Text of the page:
Patents or No Patents?
posted on Nov. 12, 2011, 1:17 a.m. by Trisha Biswas


The recent examples of repeated and ugly patent wars have kept us wondering - are patents a good thing or are they a waste of everybody's time and a hindrance to innovation itself? To draw an exaggerated analogy to the patent wars, let me present a scenario. I decide to patent 'breathing' one fine day. After about six months of running back and forth, the patent miraculously goes through. What would the rest of the human population now do? Do they stop breathing, or do I start suing them for it?

Although this is an exaggeration, it isn't far from the truth. If you look at simple things like the scroll bar in iPhones - there are patents behind those. And guess what, smart phones from other manufacturers (Samsung, Motorola to name a few) can't use it, because it is 'protected'. I definitely think that this is wasteful. If someone (anyone) spent time, energy and money developing a technology, why would the rest of the world not be able to use it? After all, don't we want to build the best products in the world? How can we do that unless we join hands to share each little technology that we develop?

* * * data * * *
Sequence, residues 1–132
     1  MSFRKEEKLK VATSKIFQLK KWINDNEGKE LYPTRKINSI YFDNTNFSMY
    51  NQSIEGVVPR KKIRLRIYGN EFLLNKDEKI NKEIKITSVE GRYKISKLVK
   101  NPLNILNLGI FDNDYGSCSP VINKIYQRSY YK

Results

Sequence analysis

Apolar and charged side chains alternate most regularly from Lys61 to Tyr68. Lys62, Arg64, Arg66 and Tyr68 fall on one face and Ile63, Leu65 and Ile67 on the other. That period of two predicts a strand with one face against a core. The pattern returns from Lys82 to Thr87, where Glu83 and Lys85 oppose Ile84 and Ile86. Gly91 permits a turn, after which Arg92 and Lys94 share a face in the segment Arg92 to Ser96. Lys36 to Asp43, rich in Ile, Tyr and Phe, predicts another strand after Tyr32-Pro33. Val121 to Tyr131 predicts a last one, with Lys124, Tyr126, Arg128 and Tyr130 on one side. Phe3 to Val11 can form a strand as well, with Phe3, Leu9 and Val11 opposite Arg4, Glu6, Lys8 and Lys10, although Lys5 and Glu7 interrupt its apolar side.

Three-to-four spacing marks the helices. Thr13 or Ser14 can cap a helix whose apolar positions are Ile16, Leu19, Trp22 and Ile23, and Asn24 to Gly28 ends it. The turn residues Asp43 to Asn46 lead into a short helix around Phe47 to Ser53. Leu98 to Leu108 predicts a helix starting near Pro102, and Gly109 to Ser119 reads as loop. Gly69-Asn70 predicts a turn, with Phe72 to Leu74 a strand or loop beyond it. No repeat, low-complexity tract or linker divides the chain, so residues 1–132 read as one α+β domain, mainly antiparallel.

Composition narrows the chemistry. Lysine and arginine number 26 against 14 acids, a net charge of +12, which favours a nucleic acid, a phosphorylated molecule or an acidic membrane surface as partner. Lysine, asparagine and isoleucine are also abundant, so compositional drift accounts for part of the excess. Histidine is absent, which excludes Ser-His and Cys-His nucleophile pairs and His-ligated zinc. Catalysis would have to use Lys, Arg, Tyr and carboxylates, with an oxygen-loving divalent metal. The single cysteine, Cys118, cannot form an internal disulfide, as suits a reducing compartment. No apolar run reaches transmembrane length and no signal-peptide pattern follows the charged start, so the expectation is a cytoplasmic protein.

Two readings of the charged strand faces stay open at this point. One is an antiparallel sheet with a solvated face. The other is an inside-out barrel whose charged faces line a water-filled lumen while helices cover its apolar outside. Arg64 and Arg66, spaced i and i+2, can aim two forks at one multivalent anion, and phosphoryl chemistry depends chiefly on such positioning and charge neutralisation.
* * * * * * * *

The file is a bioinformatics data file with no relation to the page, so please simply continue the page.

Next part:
In my opinion, we do need patents to protect intellectual property. However, there needs to be rules on what can be patented. There should be some sort of standards association (like the IEEE) that pre-decides what can be patented. For example, one should not be allowed to patent 'breathing'. How can such an organization pre-decide what can be patented? Well, I'm not the expert here! I'm sure there's lots of people out there who know better, and can make it work!


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